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Hallmark to attract adult, kids through story telling

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Hallmark to attract adult, kids through story telling

There's a fine line between family-oriented films and "for-all-ages" films. Both labels are often a red flag as often as a drawing card to TV viewers. For Hallmark, "for-all-ages" films have consistently drawn high ratings - with their appeal factor attracting kids and adults alike. Hallmark plans to screen films involving viewers from all ages from October 21 at 9 p.m. These films will invite adults to watch with the kids - and to engage them in discussion that can fortify everyone's viewing experience.

Typical of that genre is Walter And Henry, premiering on 21st October at 9pm on Hallmark. The film stars John Larroquette as a New York street musician raising his 12-year old son until events place the lad in the custody of his acerbic grandfather (James Coburn) and aunt (Kate Nelligan), leading to a reunion among the three generations.

Hallmark has built its foundation by focusing almost exclusively on producing for-all-ages films. "Making films with themes interesting and relevant to all family members is a difficult proposition – especially if you want to keep all them glued to the TV screen at the same time," says Terence Yau, Vice President and Managing Director, Crown Media International Inc.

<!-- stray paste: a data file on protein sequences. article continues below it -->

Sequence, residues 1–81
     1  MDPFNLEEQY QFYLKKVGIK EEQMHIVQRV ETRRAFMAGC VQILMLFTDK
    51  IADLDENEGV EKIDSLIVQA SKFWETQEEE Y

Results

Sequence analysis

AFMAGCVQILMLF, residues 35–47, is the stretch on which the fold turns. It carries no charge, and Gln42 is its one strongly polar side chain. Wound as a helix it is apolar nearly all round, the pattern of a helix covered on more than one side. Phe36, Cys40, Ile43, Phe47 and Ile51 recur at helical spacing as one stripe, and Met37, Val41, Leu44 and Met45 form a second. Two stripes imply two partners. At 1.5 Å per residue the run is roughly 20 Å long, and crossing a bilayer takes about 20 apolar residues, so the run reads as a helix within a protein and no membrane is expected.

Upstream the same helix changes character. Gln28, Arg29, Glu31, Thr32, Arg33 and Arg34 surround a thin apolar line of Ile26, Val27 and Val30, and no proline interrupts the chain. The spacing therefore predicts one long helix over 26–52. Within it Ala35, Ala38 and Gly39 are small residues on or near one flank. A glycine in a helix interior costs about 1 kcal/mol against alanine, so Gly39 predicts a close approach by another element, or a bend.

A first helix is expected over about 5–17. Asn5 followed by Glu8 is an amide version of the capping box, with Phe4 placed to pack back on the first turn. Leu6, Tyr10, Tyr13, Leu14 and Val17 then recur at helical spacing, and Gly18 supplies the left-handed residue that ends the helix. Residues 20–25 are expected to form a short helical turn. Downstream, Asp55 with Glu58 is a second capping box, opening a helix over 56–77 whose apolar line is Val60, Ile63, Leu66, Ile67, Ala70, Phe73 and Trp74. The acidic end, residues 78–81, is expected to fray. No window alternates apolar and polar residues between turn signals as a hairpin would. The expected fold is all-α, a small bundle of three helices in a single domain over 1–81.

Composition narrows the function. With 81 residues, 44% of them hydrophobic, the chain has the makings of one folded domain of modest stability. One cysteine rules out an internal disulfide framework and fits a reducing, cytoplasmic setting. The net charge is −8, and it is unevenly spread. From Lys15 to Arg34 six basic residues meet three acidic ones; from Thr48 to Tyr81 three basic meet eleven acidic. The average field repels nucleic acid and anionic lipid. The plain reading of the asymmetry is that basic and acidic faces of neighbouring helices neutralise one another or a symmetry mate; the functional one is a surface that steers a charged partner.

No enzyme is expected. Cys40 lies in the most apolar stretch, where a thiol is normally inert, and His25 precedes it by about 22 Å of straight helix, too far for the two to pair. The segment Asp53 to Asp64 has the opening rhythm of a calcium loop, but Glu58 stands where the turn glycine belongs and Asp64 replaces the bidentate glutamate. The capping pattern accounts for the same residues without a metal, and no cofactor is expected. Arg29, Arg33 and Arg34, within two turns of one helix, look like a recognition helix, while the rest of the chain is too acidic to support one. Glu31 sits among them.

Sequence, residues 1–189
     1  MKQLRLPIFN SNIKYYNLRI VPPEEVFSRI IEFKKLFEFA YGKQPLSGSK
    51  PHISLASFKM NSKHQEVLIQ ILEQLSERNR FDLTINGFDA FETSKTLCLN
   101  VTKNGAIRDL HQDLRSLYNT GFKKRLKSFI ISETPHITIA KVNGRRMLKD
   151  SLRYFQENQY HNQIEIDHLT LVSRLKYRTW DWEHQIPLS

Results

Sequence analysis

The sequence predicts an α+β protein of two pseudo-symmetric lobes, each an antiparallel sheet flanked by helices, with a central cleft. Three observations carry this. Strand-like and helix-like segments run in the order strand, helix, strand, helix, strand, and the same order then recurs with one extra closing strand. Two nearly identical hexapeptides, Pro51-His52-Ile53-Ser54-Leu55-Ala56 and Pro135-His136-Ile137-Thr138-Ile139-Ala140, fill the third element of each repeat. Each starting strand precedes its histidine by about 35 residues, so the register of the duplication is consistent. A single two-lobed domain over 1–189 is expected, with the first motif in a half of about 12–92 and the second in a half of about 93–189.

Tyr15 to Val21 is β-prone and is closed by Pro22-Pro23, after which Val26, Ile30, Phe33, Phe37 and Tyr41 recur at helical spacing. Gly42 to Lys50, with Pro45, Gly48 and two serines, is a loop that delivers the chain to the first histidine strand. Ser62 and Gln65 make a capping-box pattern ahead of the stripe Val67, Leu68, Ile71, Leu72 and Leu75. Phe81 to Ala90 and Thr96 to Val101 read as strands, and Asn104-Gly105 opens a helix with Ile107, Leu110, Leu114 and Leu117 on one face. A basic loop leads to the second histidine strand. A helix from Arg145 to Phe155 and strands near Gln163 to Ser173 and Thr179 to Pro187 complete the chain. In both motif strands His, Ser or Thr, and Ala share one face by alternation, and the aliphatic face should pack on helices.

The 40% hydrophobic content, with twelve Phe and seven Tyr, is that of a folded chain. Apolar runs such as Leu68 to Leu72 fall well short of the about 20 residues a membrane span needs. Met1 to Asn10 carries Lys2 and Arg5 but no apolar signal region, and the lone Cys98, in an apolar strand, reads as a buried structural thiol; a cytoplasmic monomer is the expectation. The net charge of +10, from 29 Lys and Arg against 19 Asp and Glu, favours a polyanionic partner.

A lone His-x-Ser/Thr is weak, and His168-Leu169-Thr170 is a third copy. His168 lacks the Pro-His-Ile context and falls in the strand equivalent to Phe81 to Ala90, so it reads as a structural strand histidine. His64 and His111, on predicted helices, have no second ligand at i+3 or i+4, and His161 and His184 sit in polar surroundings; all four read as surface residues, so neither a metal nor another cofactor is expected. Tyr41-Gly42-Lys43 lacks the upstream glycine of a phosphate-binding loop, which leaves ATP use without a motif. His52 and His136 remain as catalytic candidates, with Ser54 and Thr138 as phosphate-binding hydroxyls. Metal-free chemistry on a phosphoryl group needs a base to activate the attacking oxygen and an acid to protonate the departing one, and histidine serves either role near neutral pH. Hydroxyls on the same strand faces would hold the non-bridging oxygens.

Holding on to our convictions and values has given us a unique platform, one that has helped us win many awards." Some Hallmark movies explore the question, 'What makes a family?' In Out Sons, airing on Hallmark on 25th October at 9:00 pm, Julie Andrews plays a businesswoman and self-styled liberal whose open-mindedness is put to the test when she discovers that her son (Hugh Grant) is homosexual.

This revelation brings Andrews in reluctant contact with Ann-Margaret, who plays a brash cocktail waitress whose own son (Zeijko Ivanek) is Grant's lover. The occasion for the meeting between both mothers is the discovery that one of their sons has AIDS.

Films like this, while throwing sticky problems at their young protagonists, also help them find their way toward growth and tolerance. "Sometimes, we make light of difficult problems in stories drawn from the pages of literature and fairytales," says Yau. "It's our way of finding a balance, in keeping everyone entertained, while giving our viewers some food for thought."

On 27th and 28th October, Hallmark will premiere two movies packaged as a stunt - Storybook Scandals: Snow White and Prince Charming, both perennial fairy tale favourites, refashioned so that they appeal to grown-ups and children alike.

Next month on Hallmark, films like Joshua's Heart, Redwood Curtain, Reunion and A Season Of Hope are guaranteed to reward family members with provocative subject matter that cut across all social barriers. These films will also invite adults to watch with the kids - and to engage them in discussion that can fortify everyone's viewing experience.


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